Why responses to rape culture belong in fiction
I remember some teachers throwing away fiction, in it’s various types as a waste of time, as nothing more than entertainment. I’m sure you know what conversations I refer to. Fiction however, be it novels, TV shows or movies often engages with toxic discourses, and as an academic I am fascinated by the social stories we tell through fiction. Sure fiction can be fun and entertaining, but we need to think of the impact of the stories we tell.
Lately, I’ve been thinking a lot about rape culture. I mean, it’s hard not to when as a society we are saturated in victim blaming narratives, where the impacts of sexual assault are downplayed, survivors are blamed, and sexual violence is normalized or framed as a joke. I go online and am appalled to see stories of a local bar celebrating, and joking about sexual assault. I could write an entire article about this, yet one thing that struck me was what kind of city is Toronto, and world do we live in, where a bar thinks rape jokes would ever be a good marketing campaign? And yet one brief look at the comment section and I saw guys saying to chill, it’s just a joke and hey, it’s funny. But wait- what messages, on the subway, in work places, music, books, TV were these guys exposed to to think that this type of thinking is okay, let alone sexy or will ever get them laid?
What does this have to do with fiction? Fiction works to normalize rape culture, but it doesn’t have to. For instance, think of popular texts that romanticize sexual violence, that make-light of consent or portray women as passive victims. I think this further gets complicated in fiction that introduces and misrepresents BDSM.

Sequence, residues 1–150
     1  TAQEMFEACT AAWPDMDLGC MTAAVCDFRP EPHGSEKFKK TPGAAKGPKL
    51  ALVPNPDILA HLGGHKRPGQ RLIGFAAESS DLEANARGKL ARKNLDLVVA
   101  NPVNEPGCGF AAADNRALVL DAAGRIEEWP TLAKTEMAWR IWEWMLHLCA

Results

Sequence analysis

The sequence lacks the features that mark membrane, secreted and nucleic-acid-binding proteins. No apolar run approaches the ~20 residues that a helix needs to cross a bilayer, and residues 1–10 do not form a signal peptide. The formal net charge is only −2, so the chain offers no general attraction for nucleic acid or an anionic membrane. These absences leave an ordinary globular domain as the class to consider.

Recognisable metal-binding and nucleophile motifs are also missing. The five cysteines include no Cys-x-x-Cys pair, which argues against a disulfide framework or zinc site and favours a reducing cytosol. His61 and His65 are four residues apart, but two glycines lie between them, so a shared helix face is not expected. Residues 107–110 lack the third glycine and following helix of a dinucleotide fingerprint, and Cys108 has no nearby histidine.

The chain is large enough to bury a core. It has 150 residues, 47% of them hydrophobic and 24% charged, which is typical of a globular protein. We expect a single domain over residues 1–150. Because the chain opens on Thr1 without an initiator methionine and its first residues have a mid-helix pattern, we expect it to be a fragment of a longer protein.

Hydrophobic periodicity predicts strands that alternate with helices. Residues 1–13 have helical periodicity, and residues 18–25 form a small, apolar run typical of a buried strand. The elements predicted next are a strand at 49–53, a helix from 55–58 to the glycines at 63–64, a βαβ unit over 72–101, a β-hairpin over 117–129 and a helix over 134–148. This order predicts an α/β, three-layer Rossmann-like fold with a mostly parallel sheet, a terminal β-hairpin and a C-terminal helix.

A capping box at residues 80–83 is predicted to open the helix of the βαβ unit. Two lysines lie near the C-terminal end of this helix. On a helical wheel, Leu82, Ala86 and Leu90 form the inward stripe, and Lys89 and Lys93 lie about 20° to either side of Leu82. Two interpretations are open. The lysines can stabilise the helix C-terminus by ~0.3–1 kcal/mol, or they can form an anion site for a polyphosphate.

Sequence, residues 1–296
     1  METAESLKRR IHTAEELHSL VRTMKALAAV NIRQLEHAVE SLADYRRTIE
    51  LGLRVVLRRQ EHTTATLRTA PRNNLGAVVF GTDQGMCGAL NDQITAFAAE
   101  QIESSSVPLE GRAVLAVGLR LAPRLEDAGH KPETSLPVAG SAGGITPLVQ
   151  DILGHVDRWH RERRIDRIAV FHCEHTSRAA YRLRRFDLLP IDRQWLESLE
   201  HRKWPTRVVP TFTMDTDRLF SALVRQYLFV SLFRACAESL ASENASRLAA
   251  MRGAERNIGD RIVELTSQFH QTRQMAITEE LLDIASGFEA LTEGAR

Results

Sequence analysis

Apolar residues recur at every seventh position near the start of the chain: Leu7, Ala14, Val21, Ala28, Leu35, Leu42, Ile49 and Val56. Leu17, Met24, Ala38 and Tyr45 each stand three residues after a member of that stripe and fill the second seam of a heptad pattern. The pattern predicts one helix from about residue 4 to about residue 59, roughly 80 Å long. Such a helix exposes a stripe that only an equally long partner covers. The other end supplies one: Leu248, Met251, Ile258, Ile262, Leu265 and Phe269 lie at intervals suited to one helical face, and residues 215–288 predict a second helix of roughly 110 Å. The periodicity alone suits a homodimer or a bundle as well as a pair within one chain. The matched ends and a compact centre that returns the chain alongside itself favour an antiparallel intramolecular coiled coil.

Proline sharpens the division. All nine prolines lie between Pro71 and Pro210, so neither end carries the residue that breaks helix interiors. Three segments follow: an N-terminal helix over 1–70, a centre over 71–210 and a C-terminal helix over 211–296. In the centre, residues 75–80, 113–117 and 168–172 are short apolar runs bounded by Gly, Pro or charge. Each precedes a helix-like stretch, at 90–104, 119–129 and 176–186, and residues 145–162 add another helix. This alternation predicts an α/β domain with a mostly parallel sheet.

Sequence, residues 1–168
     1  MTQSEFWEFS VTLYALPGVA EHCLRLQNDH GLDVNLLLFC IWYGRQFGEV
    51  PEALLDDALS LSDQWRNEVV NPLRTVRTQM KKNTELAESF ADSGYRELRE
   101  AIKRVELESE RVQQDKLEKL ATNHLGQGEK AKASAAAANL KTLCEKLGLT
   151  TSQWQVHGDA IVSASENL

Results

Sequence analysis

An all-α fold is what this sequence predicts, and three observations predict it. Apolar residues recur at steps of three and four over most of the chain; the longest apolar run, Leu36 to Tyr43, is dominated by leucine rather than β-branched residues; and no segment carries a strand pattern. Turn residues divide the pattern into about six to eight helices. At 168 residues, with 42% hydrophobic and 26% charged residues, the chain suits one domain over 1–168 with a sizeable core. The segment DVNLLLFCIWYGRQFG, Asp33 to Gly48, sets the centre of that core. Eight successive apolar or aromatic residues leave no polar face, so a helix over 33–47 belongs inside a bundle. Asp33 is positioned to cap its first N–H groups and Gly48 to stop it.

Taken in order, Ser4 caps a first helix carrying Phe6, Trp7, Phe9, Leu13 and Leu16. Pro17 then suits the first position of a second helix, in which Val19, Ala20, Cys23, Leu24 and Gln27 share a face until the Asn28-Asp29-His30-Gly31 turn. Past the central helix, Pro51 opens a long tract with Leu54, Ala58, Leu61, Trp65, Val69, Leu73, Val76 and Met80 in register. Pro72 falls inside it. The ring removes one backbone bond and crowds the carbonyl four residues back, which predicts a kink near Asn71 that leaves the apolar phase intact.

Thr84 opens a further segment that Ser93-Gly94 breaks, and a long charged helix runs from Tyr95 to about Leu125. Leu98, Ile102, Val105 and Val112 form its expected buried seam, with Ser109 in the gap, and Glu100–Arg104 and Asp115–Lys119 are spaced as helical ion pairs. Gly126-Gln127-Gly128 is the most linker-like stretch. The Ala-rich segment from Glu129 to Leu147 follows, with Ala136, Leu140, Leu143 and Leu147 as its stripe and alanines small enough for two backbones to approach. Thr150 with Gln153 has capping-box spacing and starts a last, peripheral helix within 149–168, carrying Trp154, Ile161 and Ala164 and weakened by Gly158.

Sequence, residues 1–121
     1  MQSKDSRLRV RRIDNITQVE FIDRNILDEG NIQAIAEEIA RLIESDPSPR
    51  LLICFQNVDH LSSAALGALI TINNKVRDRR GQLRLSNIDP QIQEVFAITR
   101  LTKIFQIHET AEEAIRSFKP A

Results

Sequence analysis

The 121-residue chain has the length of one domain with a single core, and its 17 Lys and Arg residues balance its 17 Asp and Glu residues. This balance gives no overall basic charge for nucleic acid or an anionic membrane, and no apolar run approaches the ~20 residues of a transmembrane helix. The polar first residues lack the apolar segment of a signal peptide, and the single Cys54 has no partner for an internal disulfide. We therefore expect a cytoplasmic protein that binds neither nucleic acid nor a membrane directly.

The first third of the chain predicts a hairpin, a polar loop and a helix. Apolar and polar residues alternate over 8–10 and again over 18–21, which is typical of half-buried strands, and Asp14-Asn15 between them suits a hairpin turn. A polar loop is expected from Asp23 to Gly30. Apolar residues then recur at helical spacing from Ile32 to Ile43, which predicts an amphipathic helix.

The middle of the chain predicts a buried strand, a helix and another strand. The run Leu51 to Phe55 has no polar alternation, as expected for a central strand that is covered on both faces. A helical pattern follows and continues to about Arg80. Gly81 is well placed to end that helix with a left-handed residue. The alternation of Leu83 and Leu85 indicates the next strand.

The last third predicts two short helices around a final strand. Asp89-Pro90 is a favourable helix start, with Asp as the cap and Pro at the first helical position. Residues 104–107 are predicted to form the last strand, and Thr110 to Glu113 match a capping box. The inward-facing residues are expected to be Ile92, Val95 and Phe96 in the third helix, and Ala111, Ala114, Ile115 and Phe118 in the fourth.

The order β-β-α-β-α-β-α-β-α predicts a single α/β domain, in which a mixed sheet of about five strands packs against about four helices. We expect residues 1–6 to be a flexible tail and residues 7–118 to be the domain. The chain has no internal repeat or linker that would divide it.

Challenging misogyny and rape culture belongs in as many spaces as possible. That’s why it’s essential to create texts that engage with these ideas. If rape culture is glorified in fiction, fiction is one of the places that can challenge rape culture.
In Dancing with Ghosts, I portray an abusive relationship, but I’m careful to not romanticize this abuse, the narrator repeats “this is no love story.” I also worked to show Patricia, the main character, critically reflecting on what is taking place. She isn’t passive.
Fiction that incorporates BDSM practices sometimes misleads folks about what BDSM is, and uses BDSM as a framework for violating consent. That’s why I worked to show that just because a character agreed to something once, doesn’t equal blanket consent. I look forward to reading more books that challenge rape culture, that display health relationships, enthusiastic consent, and have playful and consensual representations of BDSM.
For now I’m going to keep protesting, keep writing, and use my imagination to challenge toxic discourses.
*In the comments please feel free to mention your favorite books on these topics and why?
If you’d like to learn more about the novel “Dancing with Ghosts” https://www.amazon.com/Dancing-Ghosts-Emily-Gillespie/dp/1988170060